Thursday, February 18, 2010

Is climate research physics?

Posted on behalf of Hans von Storch

Our ongoing survey shows that many of the participants of the debate have a professional background in physics (about 30%). In society, the "physicists" are not a larger group then the "engineers" or "biologists", but here they are more frequent than others. I wonder why. Why does this group of professionals feel more qualified, or more interested, in this debate than other groups? Is it because climate science is foremost physics?

Here, I have one question –
1. to what extent is climate science just a special variant of physics, possibly an inferior one? Are there elements in climate science, which makes this field different – because of inherent characteristics?

Another issue is the observation that the discussion here at the Klimazwiebel all too often falls into the limited dichotomy of "AGW is real, case close" vs. "AGW is overblown and constructed; case is open". Many of us will likely concur that this debate is useless, because it does lead nowhere. None of the two sides will accept the arguments of the other, or seriously debate the basis of their position.
On the other hand, Klimazwiebel is a rather special webblog, in that we have people from these two extremist sides, as well as various sceptical people, who ask real questions, plus some climate scientists, who consider part of the case closed, and others not, plus a number of social and cultural scientists.
The permanent return to the endless positioning of pro/contra AGW is damaging the Klimazwiebel, because this posturing is simply boring. But, there is an alternative, which Werner pointed out – why not agreeing on what we disagree on the AGW issue and discussing to what extent we nevertheless share some positions. Therefore another set of questions:

2. What is it we can agree that we solidly disagree on?
3. Is the relative majority of physicists in this group possibly a reason why the debate always returns to the pro/contra of whether a significant AGW exists?
4. What are the questions we can constructively discuss?


_Flin_ said...

There is solid disagreement over
"CO2 is the main cause for anthropogenic global warming."

Whether this is due to the assumption that
- CO2 is not a GHG (which it is due it's physical characteristics concerning the absorption of infrared light)
- CO2 in the atmosphere will saturate and be of no further concern
- there are negative feedbacks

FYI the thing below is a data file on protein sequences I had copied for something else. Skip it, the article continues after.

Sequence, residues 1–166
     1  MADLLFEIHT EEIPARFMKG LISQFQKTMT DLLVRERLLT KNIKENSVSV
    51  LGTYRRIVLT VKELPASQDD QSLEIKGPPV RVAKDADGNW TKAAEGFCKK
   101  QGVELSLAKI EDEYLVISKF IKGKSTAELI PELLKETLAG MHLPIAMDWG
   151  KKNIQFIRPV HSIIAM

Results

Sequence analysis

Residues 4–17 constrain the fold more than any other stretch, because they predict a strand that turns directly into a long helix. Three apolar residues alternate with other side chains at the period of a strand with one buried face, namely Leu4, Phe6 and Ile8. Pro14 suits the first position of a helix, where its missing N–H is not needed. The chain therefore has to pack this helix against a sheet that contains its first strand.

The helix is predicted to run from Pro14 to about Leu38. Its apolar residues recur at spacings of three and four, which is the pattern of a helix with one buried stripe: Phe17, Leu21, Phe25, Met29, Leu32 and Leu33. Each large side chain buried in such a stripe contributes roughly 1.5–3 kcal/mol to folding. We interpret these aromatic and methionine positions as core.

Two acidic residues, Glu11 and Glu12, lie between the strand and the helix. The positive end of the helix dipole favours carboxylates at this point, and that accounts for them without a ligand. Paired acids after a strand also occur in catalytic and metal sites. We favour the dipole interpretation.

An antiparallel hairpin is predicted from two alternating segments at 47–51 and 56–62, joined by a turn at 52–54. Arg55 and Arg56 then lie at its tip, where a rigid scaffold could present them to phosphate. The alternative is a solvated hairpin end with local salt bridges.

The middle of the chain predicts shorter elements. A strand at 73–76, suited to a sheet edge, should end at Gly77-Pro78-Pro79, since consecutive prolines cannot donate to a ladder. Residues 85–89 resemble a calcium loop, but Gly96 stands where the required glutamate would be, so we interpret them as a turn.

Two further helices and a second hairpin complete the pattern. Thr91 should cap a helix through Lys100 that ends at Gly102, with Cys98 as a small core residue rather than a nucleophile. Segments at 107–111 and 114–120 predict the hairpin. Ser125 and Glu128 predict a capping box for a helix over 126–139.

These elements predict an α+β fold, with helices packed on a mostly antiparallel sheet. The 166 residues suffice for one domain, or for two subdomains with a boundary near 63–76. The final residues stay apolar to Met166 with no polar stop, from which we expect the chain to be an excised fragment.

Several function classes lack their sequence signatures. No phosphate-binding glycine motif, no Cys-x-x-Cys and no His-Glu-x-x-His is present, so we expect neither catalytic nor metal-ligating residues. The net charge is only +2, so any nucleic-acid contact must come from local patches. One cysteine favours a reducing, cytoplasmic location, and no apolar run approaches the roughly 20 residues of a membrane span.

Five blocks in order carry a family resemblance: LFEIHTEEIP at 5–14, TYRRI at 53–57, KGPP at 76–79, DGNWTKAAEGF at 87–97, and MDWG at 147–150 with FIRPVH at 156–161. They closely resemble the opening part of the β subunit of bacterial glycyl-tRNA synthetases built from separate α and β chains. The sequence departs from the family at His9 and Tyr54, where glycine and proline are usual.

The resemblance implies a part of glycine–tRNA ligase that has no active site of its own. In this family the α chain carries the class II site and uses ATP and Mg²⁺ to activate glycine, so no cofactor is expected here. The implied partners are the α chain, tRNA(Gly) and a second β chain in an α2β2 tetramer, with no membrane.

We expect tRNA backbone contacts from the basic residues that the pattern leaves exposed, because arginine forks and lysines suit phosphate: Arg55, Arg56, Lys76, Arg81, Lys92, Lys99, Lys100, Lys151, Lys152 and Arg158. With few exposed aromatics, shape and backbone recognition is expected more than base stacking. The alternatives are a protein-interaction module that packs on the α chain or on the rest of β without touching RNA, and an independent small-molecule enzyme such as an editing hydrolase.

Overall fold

- there are no positive feedbacks, so the effect exists but is small
- there is no warming
- the warming is not anthropogenic


I am not qualified to answer the physics questions.

@ReinerGrundmann said...

excellent questions. I shall venture a partial answer to the questions regarding the role and importance of physics.

Many scientists in this area will have been trained to:

* reach clear conclusions in their research (yes or no answers to clear cut questions)
* be careful with their statements but aim at description, explanation & prediction

In addition, many physicists will regard themselves as standing on top of an epistemic hierarchy, with other 'hard' sciences similarly up there (chemistry), but then falling off with biology and other 'soft stuff' where the cultural norm within the science is not focussed on a yes/no answer.

I guess what I am saying is that especially physicists (but also others steeped in the culture of cognitive certainty, like some branches of economics) will want to "prove a point" -- as if you could get proof in such matters. What if the best you can hope for is circumstantial evidence (to use a legal term)? And then answer the question "What shall we do?"

Physicists tend to think that no debates are necessary once a point is proven (for them, anyway). The rest of the world just has to learn what they already know. Hence the impatience of many of these in public debates and the blogosphere.

We see some admirable exceptions on this blog which is a pleasure to witness!

eduardo said...

I remind you that they are Hans questions, not mine.

I would like to see opinions about nuclear power in the context of climate change. Björn has already left some interesting comments in the 'Ravetz in the Guardian post'.

Would we all agree that an expansion of nuclear power is something that should be considered?

Bayesian Empirimancer said...

i have no opinion regarding whether or not climate science is physics. But it is, in practice, fundamentally different from physics as it has been practiced for the last few hundred years. In particular, the standard model of physics as it is has been practised (and is often 'normatively' discribed) is that of laboratory physics. This involves tightly controlled repeated hundreds of times. The kind of physics for which simple statistical methods have been formulated. In contrast, climate science has no controlled experiments and only one data point. This renders many of the the standard methods and analyses (i'm thinking statistical here) of little practical use.

_Flin_ said...

@eduardo 3: Phew, nuclear power is a tough one. Problem of ultimate storage and safety on the one hand.
The security issue (imagine Iran as a climate hero).